In a time like now, it is impossible for me not to think about intersections of race, class and so many other things as I witness how this unzips for various individuals and communities. For some who haven’t thought of our landscape in terms of the ongoing history of space — who gets to label it as sacred, who has the privilege of enjoying it — the strict rules around space feel like a sick joke.  After all, for those individuals, space has always been safe and stable.  For those of us who have the long view of history, especially if you walk in a brown body, we’ve always known the truth about our spaces.  We know that the veil of demarcation between safe and unsafe was never there.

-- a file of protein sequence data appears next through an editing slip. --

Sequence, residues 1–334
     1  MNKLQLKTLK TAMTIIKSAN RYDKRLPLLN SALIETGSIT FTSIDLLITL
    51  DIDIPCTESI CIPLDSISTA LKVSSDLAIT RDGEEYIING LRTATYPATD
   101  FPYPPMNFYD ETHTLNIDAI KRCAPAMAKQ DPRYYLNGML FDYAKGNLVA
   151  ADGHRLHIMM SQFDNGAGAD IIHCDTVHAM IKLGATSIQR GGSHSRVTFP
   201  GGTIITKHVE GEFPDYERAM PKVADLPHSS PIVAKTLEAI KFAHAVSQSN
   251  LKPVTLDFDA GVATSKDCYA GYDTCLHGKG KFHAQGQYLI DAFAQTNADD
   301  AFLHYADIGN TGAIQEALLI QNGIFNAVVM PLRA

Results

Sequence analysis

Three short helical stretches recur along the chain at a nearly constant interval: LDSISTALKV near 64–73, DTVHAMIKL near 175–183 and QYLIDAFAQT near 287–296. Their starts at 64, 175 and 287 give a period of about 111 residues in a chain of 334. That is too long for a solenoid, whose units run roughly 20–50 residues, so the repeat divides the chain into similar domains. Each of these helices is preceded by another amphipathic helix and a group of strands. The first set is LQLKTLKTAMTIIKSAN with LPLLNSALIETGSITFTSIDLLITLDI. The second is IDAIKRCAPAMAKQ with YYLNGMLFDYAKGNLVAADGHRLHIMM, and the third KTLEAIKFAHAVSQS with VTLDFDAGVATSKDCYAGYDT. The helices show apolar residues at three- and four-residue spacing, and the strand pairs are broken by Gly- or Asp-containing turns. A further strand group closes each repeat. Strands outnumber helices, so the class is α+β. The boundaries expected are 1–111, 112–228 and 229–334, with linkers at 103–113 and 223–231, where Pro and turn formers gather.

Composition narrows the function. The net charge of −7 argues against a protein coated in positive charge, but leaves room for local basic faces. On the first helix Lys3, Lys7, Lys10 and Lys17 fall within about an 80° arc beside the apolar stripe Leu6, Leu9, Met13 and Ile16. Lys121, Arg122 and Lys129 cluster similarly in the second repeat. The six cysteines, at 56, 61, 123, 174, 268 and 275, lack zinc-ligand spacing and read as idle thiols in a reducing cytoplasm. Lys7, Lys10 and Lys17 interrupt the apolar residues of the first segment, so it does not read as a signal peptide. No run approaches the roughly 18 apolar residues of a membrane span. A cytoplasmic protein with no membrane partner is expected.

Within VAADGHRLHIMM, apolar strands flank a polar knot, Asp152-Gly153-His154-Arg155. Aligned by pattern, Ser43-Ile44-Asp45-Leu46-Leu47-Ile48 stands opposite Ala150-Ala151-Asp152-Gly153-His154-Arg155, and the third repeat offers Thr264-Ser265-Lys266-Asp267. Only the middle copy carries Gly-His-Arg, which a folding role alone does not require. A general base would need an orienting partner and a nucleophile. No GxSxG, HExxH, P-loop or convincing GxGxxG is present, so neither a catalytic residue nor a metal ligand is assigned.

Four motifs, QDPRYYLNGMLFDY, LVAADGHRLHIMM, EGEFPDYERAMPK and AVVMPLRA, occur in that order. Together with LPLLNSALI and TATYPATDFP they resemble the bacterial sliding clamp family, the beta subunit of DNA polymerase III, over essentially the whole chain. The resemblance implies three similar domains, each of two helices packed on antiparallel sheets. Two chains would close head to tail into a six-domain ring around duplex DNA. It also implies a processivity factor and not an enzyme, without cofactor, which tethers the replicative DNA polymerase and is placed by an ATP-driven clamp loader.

— Shanta Lee Gander

 

 

 

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The Crisis magazine is a quarterly journal of politics, culture, civil rights and history that seeks to educate and challenge its readers about issues facing African-Americans and other communities of color.